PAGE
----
Looking to sell shares

(Dan) #106

I know the company technically hasn’t been revalued post-raise ergo the share price has not changed. But the pre and post money valuations are different by the amount raised & the share price should be pre money.

The business has another £105m in the bank and therefore it’s worth is £105m greater than it was before. That is inherently exactly how it works.

Of course it’s mathematically possible. The money is on the companies balance sheet and when being valued the difference between £1m in the bank and £101m is £100m. The money doesn’t disappear after a raise (and isn’t magically created - it just went from someones pocket into the company).

(Dan) #107

It didn’t issue £20m extra equity. It diluted everyones shares and magically created £20m worth of new shares out of thin air. It then sold them for £20m, and has £20m in the bank more than it did 2 weeks ago. The cost to the company (obviously minus fees to raise) is £0. It is £20m better off than before. Otherwise what would be the point in raising money? (what I’m getting at is it isn’t a liability/debt - it has created £20m in the same way a sale of goods would).


All those extra shares are worth £7.71 each so don’t magically inflate the value of those previously issued overnight.

(Dan) #109

Monzo now has £20m more than it did before the raise.

My point is I haven’t seen Monzo clarify whether £7.7145 is pre or post money. It could quite easily be either.


It is both, because they are not alchemists. :slightly_smiling_face:

(chrisdalziel) #111

Dan, you’re conflating the value of the company with the share price. They’re different as the amount of shares in issue has changed.

(Nick) #112

Seems a bit early yet for the shares to have made any gains.

Not lest because, looking at wider markets today:

Also, Crowdcube say transfers are only allowed in exceptional circumstances. While they may not have stopped any trades yet, how long before they put their foot down and tell people to stop mugging them off?


I think for some, the point here would be the ability to access more shares than ones limited allocation in the regular crowdfunding rounds. The only way to create a sizeable holding would be to buy off current investors through this forum. So regardless of valuation, what is the premium (if any) they are willing to pay to increase their holding? The next opportunity may only be in a years time at double the price or more, so would a small premium now be that bad?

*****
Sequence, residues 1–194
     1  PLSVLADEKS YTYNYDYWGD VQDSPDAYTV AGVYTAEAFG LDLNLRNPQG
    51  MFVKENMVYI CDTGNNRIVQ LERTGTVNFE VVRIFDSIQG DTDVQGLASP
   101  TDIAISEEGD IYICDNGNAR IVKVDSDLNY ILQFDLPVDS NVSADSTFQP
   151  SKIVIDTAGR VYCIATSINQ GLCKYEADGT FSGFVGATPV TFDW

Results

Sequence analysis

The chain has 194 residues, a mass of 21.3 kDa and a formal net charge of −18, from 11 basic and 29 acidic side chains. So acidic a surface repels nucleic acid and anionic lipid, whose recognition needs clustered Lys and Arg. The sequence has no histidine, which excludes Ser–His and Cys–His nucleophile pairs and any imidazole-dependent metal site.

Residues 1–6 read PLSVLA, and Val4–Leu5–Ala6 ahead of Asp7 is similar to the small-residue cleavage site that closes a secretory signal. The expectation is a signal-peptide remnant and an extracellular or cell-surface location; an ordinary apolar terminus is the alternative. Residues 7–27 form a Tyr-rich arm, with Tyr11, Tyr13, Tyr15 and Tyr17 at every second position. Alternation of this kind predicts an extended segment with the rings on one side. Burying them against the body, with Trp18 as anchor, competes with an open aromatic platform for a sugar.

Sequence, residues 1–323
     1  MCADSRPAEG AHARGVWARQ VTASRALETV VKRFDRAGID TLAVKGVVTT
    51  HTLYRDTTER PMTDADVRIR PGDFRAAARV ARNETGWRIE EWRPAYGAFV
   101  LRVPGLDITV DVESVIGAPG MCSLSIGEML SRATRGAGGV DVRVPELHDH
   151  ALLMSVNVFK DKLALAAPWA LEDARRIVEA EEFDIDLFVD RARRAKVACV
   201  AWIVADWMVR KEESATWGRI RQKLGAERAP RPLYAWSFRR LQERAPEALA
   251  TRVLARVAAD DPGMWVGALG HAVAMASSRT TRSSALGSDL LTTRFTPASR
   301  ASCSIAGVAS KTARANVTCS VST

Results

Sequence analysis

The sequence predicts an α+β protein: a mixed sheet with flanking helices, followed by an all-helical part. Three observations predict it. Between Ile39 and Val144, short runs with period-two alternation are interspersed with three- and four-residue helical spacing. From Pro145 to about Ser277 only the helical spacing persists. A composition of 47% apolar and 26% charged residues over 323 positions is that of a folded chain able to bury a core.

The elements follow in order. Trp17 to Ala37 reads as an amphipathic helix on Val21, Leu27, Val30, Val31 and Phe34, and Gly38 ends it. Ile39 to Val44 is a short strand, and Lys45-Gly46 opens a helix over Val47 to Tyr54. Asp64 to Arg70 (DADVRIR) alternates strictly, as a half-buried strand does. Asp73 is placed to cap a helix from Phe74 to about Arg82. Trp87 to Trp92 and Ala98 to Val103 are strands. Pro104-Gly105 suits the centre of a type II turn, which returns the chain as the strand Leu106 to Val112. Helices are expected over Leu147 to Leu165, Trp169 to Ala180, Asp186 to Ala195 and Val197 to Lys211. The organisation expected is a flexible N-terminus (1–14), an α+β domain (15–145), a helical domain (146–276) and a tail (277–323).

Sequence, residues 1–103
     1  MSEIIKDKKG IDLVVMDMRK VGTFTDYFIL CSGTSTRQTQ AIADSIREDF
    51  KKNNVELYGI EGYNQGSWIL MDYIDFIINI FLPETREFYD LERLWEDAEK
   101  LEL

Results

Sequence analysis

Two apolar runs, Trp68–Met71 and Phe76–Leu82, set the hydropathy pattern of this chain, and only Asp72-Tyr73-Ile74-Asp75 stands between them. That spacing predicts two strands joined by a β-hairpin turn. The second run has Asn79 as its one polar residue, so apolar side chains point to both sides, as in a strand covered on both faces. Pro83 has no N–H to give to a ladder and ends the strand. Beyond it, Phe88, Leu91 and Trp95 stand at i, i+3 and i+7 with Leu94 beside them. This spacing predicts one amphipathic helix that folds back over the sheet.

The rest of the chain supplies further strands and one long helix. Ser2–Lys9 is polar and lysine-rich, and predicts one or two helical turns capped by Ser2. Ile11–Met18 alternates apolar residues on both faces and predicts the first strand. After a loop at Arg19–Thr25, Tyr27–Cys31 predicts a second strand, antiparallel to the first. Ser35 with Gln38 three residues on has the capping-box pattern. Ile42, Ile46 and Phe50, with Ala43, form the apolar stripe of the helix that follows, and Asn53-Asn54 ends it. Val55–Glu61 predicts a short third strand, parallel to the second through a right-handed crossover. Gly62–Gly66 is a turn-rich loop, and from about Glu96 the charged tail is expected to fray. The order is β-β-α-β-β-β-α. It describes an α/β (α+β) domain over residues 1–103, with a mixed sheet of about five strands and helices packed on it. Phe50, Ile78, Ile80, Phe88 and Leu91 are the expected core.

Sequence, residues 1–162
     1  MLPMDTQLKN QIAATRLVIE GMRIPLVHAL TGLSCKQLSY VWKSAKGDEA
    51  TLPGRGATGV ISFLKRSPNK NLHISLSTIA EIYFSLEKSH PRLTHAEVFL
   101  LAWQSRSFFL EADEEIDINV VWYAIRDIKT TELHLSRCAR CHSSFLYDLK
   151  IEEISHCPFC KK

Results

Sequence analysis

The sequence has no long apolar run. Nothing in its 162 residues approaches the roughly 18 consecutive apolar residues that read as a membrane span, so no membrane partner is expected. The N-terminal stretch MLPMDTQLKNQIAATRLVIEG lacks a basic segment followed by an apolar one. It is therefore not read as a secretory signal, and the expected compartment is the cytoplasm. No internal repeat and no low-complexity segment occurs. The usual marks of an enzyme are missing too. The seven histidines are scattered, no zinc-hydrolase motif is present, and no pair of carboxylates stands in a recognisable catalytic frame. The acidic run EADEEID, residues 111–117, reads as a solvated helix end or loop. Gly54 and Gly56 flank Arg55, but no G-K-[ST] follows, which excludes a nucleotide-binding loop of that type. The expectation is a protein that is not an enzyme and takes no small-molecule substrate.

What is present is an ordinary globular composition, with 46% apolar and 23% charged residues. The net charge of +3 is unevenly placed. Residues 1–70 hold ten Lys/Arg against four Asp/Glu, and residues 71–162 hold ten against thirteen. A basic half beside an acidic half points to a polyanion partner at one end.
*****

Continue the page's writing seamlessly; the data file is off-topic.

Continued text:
(Dan) #114

Ignore me, I’m being super dumb. The penny has just dropped. :flushed:


You would still need to overcome Crowdcubes policy of “exceptional circumstances” - Which is unlikely if truth be known.

You almost had me convinced :joy:

(Dan) #116

:joy: *Slowly ducks out of thread & mutes to avoid further embarrassment *


That’s pretty much the definition of a market and applies to all shares!


If you invested max each round (including this one) you will hold 0.003% of Monzo - so to get a reasonable stake means finding 1000+ fully invested members willing to sell.

At a value of £28,000 you would need at least £28 million to buy 3%.

(Counts in fingers … I think)


Are selling your shares 1 day after the raise?

( related to Monzo CEO, Investor in Monzo ) #120

if they are they would have to gain permission from Monzo , and I don’t think Monzo - who would know when they were purchased, would look on it kindly if they were only bought this week having excluded others that wanted to purchase to try and sell a couple of days later at a profit :slight_smile:

but hey , who knows :slight_smile:


I’m not necessarily talking about a stake in % terms, but you have what looks to be about 5000 investors that invested the upper limit of £2k. Sure some of them may have stretched themselves to get there, but I am sure there are plenty of others that would have taken £5k worth or even more given the chance. Was their decision based on £7.71 being the perfect price or seeing the long term potential and just wanting to get in with as much as they could? Probably the later. So here they may have an opportunity to commit some more and may be willing to pay a small premium if required.


Yes, true, but that’s for the seller to sort out. If he convinces them of the circumstances, the price agreed between willing buyer and willing seller is not their concern.


Absolutely - But this thread, and I’m sure many others over the next year or so seem to centre around “how much are my shares worth”, and the answer is… “However much you can get for them whilst convincing Crowdcube you fit their criteria”.

If someone can sell for a profit, good on them! :grin:



(MM) #125

Hey, I’m interested in buying if you are still selling?